What microbes cause sepsis?

Lots of illnesses can cause sepsis, but what microorganisms are commonly responsible?
14 September 2021

Interview with 

Andrew Conway-Morris, University of Cambridge


Sepsis can arise from all sorts of illnesses, but what about the microorganisms themselves that cause the initial infection? Eva Higginbotham spoke to Andrew Conway Morris, an intensive care doctor specialising in sepsis at the University of Cambridge...

Andrew - You can get sepsis from bacteria, you can get sepsis from viruses. You can get sepsis from fungal organisms. And so really across the range, and equally some parasites, such as malaria in the severe forms, would also meet our definitions of sepsis. In terms of the common organisms that we see, the most common are certainly bacteria. And again, they come from a range of different types of bacteria. If we split bacteria, broadly speaking, into gram-negative and gram-positive, which is how they stain under a microscope, we see common gram-positive organisms, such as staphylococcus aureus, and many of your listeners may have heard of MRSA. Other common organisms would be E. coli and pseudomonas. And these are organisms that often we get from the gut or from the urinary tract. So it's a pretty broad field of organisms. And it's a very interesting question as to why you get the sepsis syndrome, how much of that is due to the bug and how much of that is due to the host response

Eva - And what is it that the host is responding to when they have an infection with something like e. coli?

Andrew - So the surface of the microbes, the bacteria and so forth, are covered in molecules. And what the body does, the immune system is able to recognise those patterns and says, this is an abnormal thing that shouldn't be here, and therefore I'm going to launch an attack because it shouldn't be here and it needs to go. Now, the key thing with sepsis is that that response is not localised to a specific area, but rather spills out into the rest of the body. And again, why that happens is one of the key questions of sepsis and one that we don't fully understand. There is almost certainly an interaction there between the bacteria and the host immune system. And some of that will be dictated by the host's own genetic background. Some of it may also be due to the experience of the immune system, whether they've encountered that bug before and also where in the body it's encountered. So e. coli one commonly has in one's gut. They live there without causing any harm most of the time, but if they spill out of the gut and they get into say, for instance, your abdominal cavity, to the space around the gut, or they get into your bloodstream, then your body mounts a very vigorous response to that, and that is probably what triggers sepsis.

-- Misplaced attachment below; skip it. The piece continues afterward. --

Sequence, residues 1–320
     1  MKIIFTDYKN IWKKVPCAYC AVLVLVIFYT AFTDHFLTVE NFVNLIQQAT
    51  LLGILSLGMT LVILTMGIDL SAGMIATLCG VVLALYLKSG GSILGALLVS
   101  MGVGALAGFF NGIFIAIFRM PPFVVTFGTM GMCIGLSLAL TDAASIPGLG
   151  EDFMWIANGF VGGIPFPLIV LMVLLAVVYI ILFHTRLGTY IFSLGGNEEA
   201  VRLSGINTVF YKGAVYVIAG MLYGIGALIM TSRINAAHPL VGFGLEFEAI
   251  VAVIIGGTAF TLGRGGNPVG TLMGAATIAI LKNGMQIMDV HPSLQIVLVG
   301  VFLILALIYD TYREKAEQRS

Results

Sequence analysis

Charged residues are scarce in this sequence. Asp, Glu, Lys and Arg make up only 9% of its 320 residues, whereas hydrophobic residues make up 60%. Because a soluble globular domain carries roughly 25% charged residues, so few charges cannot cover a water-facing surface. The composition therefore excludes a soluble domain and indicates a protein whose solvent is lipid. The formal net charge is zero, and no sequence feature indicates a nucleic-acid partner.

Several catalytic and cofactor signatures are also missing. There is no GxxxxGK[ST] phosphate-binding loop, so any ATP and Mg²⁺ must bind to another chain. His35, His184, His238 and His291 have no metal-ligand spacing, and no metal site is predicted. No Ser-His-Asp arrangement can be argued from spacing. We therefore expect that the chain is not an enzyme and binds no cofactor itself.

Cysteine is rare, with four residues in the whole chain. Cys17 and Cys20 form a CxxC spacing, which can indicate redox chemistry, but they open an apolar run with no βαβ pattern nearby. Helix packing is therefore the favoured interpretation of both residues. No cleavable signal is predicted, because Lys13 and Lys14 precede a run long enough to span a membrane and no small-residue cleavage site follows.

Eva - And does the bacteria, or other infective organism, want this to happen? Like, is it in the gut trying to burrow through with some tools it might have in its toolkit? Or is that not exactly what it wants?

Andrew - There are clearly examples of organisms that have what we call invasive potential, who you get enteroinvasive e. coli, so that's e. coli that would invade through the wall of the bowel, or you get invasive streptococcal disease where you have a streptococcus pneumoniae, so causing pneumonia, and that spreads into the bloodstream, or sometimes into the central nervous system causing a meningitis as well as a pneumonia. And some of that will be due to virulence factors carried by those bacteria that have the potential for invasion. But some of it again is probably also down to the host response. If the area where the bacteria are becomes leaky and your barrier defenses break down, then that again, allows those bacteria that have the potential to cross, to cross into areas where they shouldn't be.

Eva - Can you always figure out, when you're treating someone for sepsis, what the microorganism was that caused the reaction?

Andrew - So, no, and in fact, it's very common, probably in around 50 to 60% of cases of infection that present to hospital we can't identify the infecting organism. In a relatively small proportion that will be because we got the diagnosis wrong, but most of the time it's because our tests for infecting microorganisms are just not very good. They are based on technology developed originally by pioneers, such as Louis Pastor, over a hundred years ago. And they rely on the growth of bacteria. And in order for the bacteria to grow, they need to be in the right conditions. And also the patient needs to have not been given antibiotics that suppress the growth of bacteria, and of course you must give antibiotics early. And so it is very common not to be able to identify the infecting organism. This is changing, technology is coming that allows us to identify organisms without relying on growth. So we can use molecular tests, things like PCR, polymerase chain reactions, which allow you to detect genetic material and doesn't rely on growth, but those tests are not yet widely available for bacteria. They're widely implemented for viruses, and that's exactly what we used for respiratory viruses like SARS-COV-2, to the cause of COVID. But for bacteria, they're not that well developed and we're forced to rely on broad spectrum, empiric antibiotics - so antibiotics that we pick because they're likely to cover the organisms we think will be there. And clearly that comes with risks of breeding resistance, of using antibiotics with a broader spectrum then we need to, possibly for longer than we need to. And there really is an urgent need for diagnostics in this area to allow us to rationalise our antibiotic therapy, to minimise the use of antibiotics and preserve them because they're a precious resource


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